- Distribution, relative abundance, habitat relation, growth and survival of crocodiles in Florida are determined by periodic surveys of crocodile habitat.
- Nesting effort and success are determined by searching known and potential nesting habitat during egg laying (April and May) and nest hatching (July and August).
Crocodile Nests in the Southern Tip of Florida and the Florida Keys
- Crocodiles now occur in areas where they never occurred before. Examples include public beaches, county parks, marinas, golf courses, and an airport.
- This has caused a growing problem with human/crocodile interactions. Out of miseducation and fear people react to crocodiles as a threat and nuisance rather than a natural history attraction and endangered species success story.
- The number and range of crocodiles and nests has increased in the last 25 years. Crocodiles have reoccupied southern Biscayne Bay and are found in Broward and Collier Counties.
- Most of the increase in crocodile nests has occurred on artificial substrates. This has to some extent compensated for the loss of nest sites due to development.
- Crocodiles in the least physically altered habitats of ENP grow slower and have a lower survival rate than crocodiles in the more altered areas at TP and CLNWR.
- We hypothesize that reduced freshwater flows to estuaries has decreased the suitability of those habitats for crocodiles.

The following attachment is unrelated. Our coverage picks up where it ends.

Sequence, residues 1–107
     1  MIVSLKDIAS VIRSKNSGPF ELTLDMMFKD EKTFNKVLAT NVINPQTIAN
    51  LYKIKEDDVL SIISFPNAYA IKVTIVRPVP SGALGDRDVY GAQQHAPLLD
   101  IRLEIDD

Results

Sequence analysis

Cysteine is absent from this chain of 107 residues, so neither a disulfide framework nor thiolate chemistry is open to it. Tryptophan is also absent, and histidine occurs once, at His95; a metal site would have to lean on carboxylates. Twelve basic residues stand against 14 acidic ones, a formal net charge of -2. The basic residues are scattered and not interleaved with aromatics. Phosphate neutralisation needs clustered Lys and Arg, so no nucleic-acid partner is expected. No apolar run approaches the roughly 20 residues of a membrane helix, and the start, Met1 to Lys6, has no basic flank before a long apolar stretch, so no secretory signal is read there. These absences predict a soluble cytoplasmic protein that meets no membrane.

Evaluating Everglades Restoration
- Resumption of natural freshwater flow volume and duration to the mangrove estuary will re-establish a salinity gradient with levels <20 ppt in shoreline and tidal creek habitats that will increase the growth and survival of juvenile crocodiles in ENP.
- Maintain current distribution of crocodiles throughout the mangrove transition zone. Increase relative abundance of crocodiles in areas with restored freshwater flow.
- In South Florida we have a unique opportunity to link endangered species conservation with ecosystem restoration and management.
- Crocodiles can be used to evaluate restoration alternatives and determine success criteria for Florida and Biscayne Bays.
Salinity Based Habitat Model
- A habitat suitability model was developed based on data from salinity and habitat relation of crocodiles in ENP and laboratory studies on crocodile growth rates.
- Crocodile habitat was identified as mangrove lined ponds, creeks, coves, and shorelines. Suitability was based on salinity with the most suitable areas defined as between 0-20 ppt, inter-mediate suitability as 20-40 ppt, and least suitable areas as greater than 40 ppt.
- Seasonal isohalines for the sample runs were based on SFWMD monthly water quality summaries.